We hope last week’s discussion improved your understanding of sets and showed you how you can come across some tricky sets questions even though the concepts seem very simple. Today, let’s further build up on what we learned last week with the help of an example.
Example: A group of people were given 2 puzzles. 79% people solved puzzle X and 89% people solved puzzle Y. What is the maximum and minimum percentage of people who could have solved both the puzzles?
(A) 11%, 0%
(B) 49%, 33%
(C) 68%, 57%
(D) 79%, 68%
(E) 89%, 79%
Solution: The first thing to note here is that we do not know the % of people who could not solve either puzzle. All we know is that puzzle X was solved by 79% of the people and puzzle Y was solved by 89% of the people.
Let’s first try to maximize the % of people who solved both the puzzles. We want to make these two sets overlap as much as possible i.e. we need to get them as close to each other as possible. Region of overlap can be 79% at most since we know that only 79% people solved puzzle X. In this case, the venn diagram will look something like this.
Hence, the maximum % of people who could have solved both the puzzles is 79%.
Now, let’s try to minimize the % of people who solved both the puzzles. We want the sets to be as far apart as possible. In this case, the % of people who solved neither puzzle must be 0. Only then will the overlap of the sets be as little as possible.
In this case, 68% people must have solved both the puzzles.
Hence, the answer is (D)
Note: If the question instead gave you the % of people who did not solve either puzzle (e.g. by giving you that everyone solved at least one puzzle), then there is no question of maximizing/minimizing the % of people who solved both the puzzles. Consider this:
(For ease, let’s drop the percentage and work with just numbers.)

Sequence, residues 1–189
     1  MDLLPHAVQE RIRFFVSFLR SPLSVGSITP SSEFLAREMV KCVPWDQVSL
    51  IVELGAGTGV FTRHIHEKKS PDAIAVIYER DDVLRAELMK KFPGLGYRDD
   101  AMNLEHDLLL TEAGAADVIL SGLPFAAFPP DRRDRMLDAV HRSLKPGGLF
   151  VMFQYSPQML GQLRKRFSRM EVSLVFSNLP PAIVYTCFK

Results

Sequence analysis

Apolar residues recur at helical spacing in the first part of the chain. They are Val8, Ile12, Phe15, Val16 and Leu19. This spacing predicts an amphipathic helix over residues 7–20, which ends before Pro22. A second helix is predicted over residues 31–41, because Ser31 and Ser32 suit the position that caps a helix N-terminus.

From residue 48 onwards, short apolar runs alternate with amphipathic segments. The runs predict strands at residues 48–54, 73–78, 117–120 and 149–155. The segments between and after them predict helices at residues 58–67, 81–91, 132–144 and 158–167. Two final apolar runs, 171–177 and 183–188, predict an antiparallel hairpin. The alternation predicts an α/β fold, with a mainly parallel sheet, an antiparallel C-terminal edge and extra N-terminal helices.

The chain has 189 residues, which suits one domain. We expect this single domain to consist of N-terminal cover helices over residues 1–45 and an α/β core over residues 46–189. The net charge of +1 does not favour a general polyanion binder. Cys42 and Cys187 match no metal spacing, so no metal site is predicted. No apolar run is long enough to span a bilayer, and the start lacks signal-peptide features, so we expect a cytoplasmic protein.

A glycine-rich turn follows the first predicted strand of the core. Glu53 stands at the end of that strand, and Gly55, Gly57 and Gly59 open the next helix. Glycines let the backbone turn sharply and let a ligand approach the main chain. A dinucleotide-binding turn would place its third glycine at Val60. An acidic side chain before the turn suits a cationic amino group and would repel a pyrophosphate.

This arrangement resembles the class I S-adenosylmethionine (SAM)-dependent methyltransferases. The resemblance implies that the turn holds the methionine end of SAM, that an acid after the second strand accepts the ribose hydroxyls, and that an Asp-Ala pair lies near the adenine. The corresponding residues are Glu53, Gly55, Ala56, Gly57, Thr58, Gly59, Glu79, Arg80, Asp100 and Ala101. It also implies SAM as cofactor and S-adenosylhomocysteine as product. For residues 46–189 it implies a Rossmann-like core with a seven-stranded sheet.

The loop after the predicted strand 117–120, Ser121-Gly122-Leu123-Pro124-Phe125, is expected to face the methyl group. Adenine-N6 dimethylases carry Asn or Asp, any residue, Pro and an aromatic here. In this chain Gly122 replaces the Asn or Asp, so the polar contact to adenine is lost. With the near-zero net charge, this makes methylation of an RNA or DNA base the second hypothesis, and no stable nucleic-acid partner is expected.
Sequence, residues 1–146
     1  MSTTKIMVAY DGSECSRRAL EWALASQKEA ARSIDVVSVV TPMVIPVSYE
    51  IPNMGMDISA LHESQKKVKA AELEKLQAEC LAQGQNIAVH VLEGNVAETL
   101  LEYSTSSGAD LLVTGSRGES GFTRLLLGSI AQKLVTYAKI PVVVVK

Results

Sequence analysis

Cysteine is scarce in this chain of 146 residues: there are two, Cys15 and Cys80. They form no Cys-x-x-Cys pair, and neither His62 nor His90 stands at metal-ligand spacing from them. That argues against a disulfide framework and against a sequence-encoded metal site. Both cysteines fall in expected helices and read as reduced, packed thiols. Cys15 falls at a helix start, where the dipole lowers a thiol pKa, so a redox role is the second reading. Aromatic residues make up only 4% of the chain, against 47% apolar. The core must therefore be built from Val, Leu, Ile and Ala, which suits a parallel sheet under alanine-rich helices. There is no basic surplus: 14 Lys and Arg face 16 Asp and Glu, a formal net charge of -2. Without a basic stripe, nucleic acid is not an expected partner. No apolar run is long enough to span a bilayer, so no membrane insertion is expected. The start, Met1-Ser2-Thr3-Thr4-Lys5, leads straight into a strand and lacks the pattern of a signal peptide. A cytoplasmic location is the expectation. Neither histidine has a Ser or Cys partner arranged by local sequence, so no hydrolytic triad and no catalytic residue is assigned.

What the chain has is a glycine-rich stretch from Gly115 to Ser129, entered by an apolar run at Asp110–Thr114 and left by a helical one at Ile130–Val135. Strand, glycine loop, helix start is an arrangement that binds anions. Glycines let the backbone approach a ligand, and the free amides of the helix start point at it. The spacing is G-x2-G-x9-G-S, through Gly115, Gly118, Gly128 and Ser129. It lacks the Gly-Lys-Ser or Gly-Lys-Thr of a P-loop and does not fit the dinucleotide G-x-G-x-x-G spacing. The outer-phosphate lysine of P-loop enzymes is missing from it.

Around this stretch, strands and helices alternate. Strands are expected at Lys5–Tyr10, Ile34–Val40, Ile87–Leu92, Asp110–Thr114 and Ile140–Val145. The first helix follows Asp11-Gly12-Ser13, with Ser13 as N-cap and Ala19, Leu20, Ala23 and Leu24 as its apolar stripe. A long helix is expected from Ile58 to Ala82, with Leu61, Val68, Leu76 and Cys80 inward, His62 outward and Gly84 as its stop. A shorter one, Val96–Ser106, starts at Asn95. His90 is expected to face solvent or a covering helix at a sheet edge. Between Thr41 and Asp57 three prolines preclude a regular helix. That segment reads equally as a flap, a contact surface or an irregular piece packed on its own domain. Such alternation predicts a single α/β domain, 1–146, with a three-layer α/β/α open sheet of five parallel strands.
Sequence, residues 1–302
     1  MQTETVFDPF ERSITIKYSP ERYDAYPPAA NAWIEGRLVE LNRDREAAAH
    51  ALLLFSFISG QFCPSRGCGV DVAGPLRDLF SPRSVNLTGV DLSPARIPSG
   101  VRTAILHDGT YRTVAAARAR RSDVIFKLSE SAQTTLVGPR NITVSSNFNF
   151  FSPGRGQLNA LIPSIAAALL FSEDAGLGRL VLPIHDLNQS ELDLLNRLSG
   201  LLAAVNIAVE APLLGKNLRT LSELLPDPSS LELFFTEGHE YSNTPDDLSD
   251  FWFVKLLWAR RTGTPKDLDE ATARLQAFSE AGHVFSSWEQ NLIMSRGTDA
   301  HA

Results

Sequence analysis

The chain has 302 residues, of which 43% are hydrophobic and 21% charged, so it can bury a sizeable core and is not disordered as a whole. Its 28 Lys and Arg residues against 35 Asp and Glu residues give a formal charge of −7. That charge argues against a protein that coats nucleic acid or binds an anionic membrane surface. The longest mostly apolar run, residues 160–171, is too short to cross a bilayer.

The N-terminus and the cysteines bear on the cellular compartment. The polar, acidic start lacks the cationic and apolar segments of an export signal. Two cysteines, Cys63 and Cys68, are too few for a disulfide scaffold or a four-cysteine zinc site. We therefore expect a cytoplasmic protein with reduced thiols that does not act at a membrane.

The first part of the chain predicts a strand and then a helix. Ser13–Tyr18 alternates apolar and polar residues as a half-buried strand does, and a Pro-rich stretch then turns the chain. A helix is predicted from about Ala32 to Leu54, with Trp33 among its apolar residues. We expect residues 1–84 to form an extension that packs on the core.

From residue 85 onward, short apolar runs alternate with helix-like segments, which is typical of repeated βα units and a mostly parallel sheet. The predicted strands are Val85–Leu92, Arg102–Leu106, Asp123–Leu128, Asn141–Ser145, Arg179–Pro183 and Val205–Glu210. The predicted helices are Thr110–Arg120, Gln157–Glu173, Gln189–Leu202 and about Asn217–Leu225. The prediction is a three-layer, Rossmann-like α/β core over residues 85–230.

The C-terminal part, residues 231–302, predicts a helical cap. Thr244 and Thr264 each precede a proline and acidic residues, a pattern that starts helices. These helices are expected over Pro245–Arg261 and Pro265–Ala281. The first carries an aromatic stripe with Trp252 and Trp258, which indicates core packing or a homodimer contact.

Total no. of people = No. of people who solved X + No. of people who solved Y – No. of people who solved both + No. of people who solved neither
100 = 79 + 89 – No. of people who solved both + No. of people who solved neither
No. of people who solved both – No. of people who solved neither = 68
We can maximize/minimize the two numbers by adjusting them against each other. If one increases, the other increases too. If one decreases, the other decreases too.
If no. of people who solve both = 68, no. of people who solve neither = 0
If no. of people who solve both = 69, no. of people who solve neither = 1
If no. of people who solve both = 79, no. of people who solve neither = 11
If you are given the number of people who solved neither, you have a fixed number of people who solved both. Hence, maximizing or minimizing becomes pointless.
You can also work on this concept logically –
Say, every solution of every puzzle was written down on a separate sheet of paper. Then there would be 168 sheets of paper in all (79 + 89). If everyone solved 1 puzzle, then we have accounted for 100 sheets. The other 68 sheets were made by 68 people who have already solved one puzzle each. Hence, 68 people would have solved both the puzzles. If instead, 99 people solve at least one puzzle and one person solves no puzzle, then 69 (obtained by 168 – 99) sheets would have been made by people who have already solved one. Hence 69 people would have solved both the puzzles. Note here that the number of people who solved neither and the number of people who solved both are not independent of each other. One number depends on the other. It will be good if you make a note of this in your log book.
Next week, let’s tackle three overlapping sets.
Karishma, a Computer Engineer with a keen interest in alternative Mathematical approaches, has mentored students in the continents of Asia, Europe and North America. She teaches the GMAT for Veritas Prep and regularly participates in content development projects such as this blog!